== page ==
Trade volumes and pricing of fossil fuels (i.e. oil, coal, and gas) are often not available on hourly or daily basis, and neither are the terms for long-term contracts. To develop this counter, we therefore relied on some assumptions, as detailed below.
Other physical flows
For Europe, including Turkey, two main sources are being used for the following flows:
|Crude oil||Oil products||Fossil gas||Coal|
|Seaborne||AIS data||AIS data||AIS data||AIS data|
ENTSOG data is available on a daily and near real-time basis. Eurostat data, however, is only available on a monthly basis with a couple months of latency. We assume constant flows from the latest available data point til today.
Pipeline data for China is estimated by deducting seaborne shipments (estimated from AIS) from total imports as reported by Chinese customs.
Attribution of pipelined gas to individual European countries
Starting from 16 May 2022, we have implemented a new methodology to estimate pipeline gas imports from Russia to various European countries. We collect data from ENTSOG on flows between countries, at transmission interconnections for every single day. We then assume that on any given day, a country is a perfect ‘gas mixer’, that is, that all gas gets mixed before being consumed and/or re-exported. This allows us to attribute Russian gas consumption to countries that do not have direct connection with Russia. Read more about it here.
Fossil fuels are sold on a variety of contracts including fixed-price, indexed to average oil prices and indexed to other spot prices. This means that the revenue to the exporter is not directly proportional to the current spot price.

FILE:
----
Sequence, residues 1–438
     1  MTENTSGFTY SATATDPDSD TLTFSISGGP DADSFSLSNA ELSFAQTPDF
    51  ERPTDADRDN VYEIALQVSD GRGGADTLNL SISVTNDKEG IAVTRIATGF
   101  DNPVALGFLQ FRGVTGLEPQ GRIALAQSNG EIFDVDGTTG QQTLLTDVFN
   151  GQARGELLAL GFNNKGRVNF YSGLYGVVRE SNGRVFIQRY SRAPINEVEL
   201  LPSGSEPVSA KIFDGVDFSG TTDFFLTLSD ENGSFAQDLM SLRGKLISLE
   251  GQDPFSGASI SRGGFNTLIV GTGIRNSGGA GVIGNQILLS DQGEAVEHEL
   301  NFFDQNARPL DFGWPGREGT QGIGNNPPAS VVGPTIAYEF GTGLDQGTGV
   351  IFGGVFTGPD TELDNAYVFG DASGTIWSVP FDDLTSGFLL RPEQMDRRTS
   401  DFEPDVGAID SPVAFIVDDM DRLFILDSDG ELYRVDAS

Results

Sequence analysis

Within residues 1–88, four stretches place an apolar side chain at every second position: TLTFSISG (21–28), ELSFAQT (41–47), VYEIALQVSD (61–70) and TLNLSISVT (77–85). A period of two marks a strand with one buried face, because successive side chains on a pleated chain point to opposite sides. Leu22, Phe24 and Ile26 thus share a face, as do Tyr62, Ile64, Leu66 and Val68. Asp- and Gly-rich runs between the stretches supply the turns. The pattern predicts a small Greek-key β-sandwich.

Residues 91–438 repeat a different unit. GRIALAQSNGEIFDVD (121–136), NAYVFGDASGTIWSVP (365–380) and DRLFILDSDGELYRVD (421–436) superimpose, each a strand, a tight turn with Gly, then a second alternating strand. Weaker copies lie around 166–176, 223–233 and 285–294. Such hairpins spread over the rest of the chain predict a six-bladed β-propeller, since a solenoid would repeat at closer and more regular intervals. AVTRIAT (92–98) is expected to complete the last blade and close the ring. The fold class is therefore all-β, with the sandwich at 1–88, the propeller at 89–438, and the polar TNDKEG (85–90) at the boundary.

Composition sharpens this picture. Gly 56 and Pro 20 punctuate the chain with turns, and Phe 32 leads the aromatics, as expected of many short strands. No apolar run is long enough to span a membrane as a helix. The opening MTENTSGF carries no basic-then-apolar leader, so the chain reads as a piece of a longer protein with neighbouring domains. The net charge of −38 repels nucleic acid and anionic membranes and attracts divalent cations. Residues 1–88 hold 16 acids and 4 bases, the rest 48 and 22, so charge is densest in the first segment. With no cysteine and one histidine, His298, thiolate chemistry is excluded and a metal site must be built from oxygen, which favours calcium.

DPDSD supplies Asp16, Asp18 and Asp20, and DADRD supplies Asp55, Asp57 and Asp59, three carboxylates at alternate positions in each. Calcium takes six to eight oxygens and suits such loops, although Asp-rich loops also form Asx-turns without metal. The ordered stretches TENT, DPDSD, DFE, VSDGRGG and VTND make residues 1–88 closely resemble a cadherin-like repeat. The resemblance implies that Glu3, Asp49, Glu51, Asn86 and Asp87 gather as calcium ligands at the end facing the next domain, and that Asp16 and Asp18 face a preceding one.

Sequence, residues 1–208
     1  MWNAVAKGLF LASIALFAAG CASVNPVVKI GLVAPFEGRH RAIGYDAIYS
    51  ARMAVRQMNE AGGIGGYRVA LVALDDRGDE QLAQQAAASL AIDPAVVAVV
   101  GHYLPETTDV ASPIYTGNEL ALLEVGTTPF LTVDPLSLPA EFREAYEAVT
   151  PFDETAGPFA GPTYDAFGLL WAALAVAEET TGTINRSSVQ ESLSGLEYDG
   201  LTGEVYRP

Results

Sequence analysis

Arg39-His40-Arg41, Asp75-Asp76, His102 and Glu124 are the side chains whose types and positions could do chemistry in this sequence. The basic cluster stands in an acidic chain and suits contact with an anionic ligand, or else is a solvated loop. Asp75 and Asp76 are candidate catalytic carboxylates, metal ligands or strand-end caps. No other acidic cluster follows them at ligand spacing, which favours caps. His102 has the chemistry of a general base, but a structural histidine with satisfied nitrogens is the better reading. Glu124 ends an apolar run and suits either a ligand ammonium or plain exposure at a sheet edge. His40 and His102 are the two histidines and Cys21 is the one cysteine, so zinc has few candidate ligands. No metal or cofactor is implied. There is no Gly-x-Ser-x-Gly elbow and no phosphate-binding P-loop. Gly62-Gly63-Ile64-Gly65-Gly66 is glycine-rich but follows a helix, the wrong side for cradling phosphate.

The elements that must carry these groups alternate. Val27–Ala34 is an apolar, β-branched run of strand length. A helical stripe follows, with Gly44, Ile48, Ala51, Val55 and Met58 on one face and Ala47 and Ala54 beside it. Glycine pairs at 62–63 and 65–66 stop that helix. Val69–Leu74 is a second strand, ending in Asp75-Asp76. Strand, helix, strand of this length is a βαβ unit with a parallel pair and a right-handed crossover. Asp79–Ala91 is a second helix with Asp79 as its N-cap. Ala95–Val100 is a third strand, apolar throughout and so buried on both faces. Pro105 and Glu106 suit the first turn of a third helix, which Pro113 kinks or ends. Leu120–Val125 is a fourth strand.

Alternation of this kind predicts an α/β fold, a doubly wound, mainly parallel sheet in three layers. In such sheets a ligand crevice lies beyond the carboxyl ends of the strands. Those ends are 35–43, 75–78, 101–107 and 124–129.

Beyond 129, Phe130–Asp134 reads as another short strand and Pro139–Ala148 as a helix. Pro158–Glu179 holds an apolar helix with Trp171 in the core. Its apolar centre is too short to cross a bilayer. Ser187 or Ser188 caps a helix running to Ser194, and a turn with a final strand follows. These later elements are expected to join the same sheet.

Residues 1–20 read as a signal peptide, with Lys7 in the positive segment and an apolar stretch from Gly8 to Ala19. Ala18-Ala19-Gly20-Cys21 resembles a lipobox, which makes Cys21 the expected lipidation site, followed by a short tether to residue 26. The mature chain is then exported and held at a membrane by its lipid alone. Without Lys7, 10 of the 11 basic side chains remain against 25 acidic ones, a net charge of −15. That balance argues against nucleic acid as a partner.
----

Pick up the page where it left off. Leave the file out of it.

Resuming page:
To estimate prices of fossil fuel trades in 2022, we first derive historical monthly average prices for imports from Russia to the EU from Eurostat, and to the rest of the world from UN COMTRADE, since the trade values are indicated both in physical and monetary terms. We then fit models between these historical prices and average monthly spot prices for the current month and with lags (Brent crude oil, TTF gas, Newcastle steam coal, Asian LNG, ARA coal). Models are built for main trading partners individually, and for the rest of the world as a whole.
After the start of the invasion, the reluctance of many traders to take cargoes from Russia has driven discounted pricing of Russian oil. We apply the discount between Brent and Urals crude prices to crude oil exports to Europe and the discount between Brent and ESPO to exports to Asia.
From December 5, 2022 onwards, we cap the price of crude oil carried aboard tankers owned or insured in the price cap coalition countries to the level of the price cap. From February 5, 2023, we will apply the cap respectively to oil products shipments.
Oil-indexed gas contracts have become less common over time, so we include a time interaction term in the model for pipeline gas prices. These models are then applied to current spot prices to estimate contract prices.